Tuesday, December 03, 2013

Please Welcome Translator Julie Rose

Omnimystery News: Guest Post by Julie Rose
with Julie Rose

We are pleased to welcome back translator Julie Rose to Omnimystery News.

Julie visited with us last month, when we discussed her translation from French to English of the cli-fi thriller The Greenland Breach by Bernard Besson (Le French Book; October 2013 ebook formats).

We invited her back today to tell us "What Thriller Addiction Has To Do With Translation".

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I'm a thriller addict. This has a lot to do with being a translator. I work very consciously and intensively on language and nuances of meaning all day; at night, I want something I can lose myself in completely, pumping adrenalin and madly turning pages, almost without thinking — though a good thriller writer will always expose parts of the world you don't know about and get you thinking, anyway. And I only read good writers. Language matters, always. But with a really good thriller, the emphasis is on the thrill.

I have mostly translated intellectually demanding non-fiction by some of France's most important thinkers. But I've also translated Victor Hugo's Les Misérables. Most people don't think of that great book as a detective story, but it is, and a very fine one. Translating it was a quite unique experience and has to be one of the major highlights of my translating career so far — of my writing career, I should say, since I rewrote it, of course.

Victor Hugo's interest in the real world was encyclopedic and forensic in its exploration of detail. That, combined with his social awareness and spiritual and emotional depth, make his great masterpiece as potent as ever. I loved translating it, but it took three years and was horribly intense.

But back to my addiction. I love well-written thrillers, and when I first read The Greenland Breach by Bernard Besson, I couldn't put it down. It's stylish and fast-paced, with beautifully orchestrated action — like a sophisticated manga — and it's written by a man who knows exactly what he's doing. Bernard Besson worked at the top in French intelligence and with the police; he knows the milieu, he's very convincing. And his tale of environmental catastrophe feels truly timely.

Translation is about getting into an author's mind and then expressing his work through my own language and cultural context. Precision is key, as is inventiveness. You need that to embody someone else's voice. Voice encompasses a whole work, from personality to meaning. ‘Hearing' the other person's voice, profoundly, viscerally, and dredging an answering voice up from out of the depths is the joy of the job.

There are side effects to the job, though. For Hugo, I was worried about losing my hair and becoming fat, which Hugo did at the time he was writing it. I had to almost go into a trance-like state to be able to sustain the work. For The Greenland Breach, the descriptions of some of the geological phenomena unleashed as the ice melts — they are truly stunning — left me wrung out but with a renewed sense of mission. The translation itself needed to be detailed — there is a lot of information in there — but also spare, with all the fat trimmed off, so as not to get in the way of the movement.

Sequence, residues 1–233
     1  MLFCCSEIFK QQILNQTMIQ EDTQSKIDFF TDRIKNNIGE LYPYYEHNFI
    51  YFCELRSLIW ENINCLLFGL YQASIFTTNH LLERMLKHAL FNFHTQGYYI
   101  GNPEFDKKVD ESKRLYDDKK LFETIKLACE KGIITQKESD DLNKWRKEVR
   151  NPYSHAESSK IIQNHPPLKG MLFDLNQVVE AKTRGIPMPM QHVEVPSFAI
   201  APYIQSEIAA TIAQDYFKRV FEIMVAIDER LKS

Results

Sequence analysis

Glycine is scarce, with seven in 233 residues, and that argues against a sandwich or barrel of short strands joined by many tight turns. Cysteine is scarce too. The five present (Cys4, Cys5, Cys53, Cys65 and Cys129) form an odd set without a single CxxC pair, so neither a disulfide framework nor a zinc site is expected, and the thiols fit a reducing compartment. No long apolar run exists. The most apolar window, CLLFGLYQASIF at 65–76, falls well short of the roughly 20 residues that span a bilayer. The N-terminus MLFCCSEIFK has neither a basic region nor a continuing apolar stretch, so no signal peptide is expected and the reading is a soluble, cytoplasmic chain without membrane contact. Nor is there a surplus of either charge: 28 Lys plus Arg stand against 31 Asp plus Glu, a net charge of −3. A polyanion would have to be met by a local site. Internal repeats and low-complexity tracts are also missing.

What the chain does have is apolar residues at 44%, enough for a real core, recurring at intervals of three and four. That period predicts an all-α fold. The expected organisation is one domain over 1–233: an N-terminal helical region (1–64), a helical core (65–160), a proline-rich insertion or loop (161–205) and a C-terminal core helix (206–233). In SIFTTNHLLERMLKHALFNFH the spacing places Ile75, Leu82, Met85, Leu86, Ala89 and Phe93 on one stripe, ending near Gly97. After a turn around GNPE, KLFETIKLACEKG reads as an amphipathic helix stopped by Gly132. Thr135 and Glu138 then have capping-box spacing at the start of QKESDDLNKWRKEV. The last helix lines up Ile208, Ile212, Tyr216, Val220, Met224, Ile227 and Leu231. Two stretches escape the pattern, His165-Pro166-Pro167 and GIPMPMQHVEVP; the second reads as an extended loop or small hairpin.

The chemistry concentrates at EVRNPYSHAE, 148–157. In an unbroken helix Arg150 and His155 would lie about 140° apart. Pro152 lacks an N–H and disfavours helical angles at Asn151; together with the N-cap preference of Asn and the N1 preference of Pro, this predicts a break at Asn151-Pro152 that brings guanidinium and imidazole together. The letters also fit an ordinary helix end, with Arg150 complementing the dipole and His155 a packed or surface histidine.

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Julie Rose has translated some of France's most highly prized writers, both classical and contemporary and is best known for her critically acclaimed translation of Victor Hugo's masterpiece, Les Misérables. Rose has always been an avid reader of crime fiction.

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The Greenland Breach by Julie Rose

The Greenland Breach
Bernard Besson; translated by Julie Rose
A Cli-Fi Spy Novel

The Arctic ice caps are breaking up. Europe and the East Coast of the Unites States brace for a tidal wave. Meanwhile, former French intelligence officer John Spencer Larivière, his karate-trained, steamy Eurasian partner, Victoire, and their computer-genius sidekick, Luc, pick up an ordinary freelance assignment that quickly leads them into the heart of an international conspiracy. Off the coast of Greenland, a ship belonging to the French geological research firm Terre Noire is in serious trouble. The murder of an important scientist jeopardizes evacuation. Is it related to the firm's explorations? Is the rival Canadian-based scientific and economic development corporation, Northland Group, involved?

On land another killer is roaming the icy peaks after researchers, while a huge crevasse splits Greenland apart. What are the connections? In the glacial silence of the great north, a merciless war is being waged. Global warming and subsequent natural disasters hide international rivalries over discoveries that will change the future of humanity.

Amazon.com Print/Kindle Format(s)  BN.com Print/Nook Format(s)  iTunes iBook Format  Kobo eBook Format


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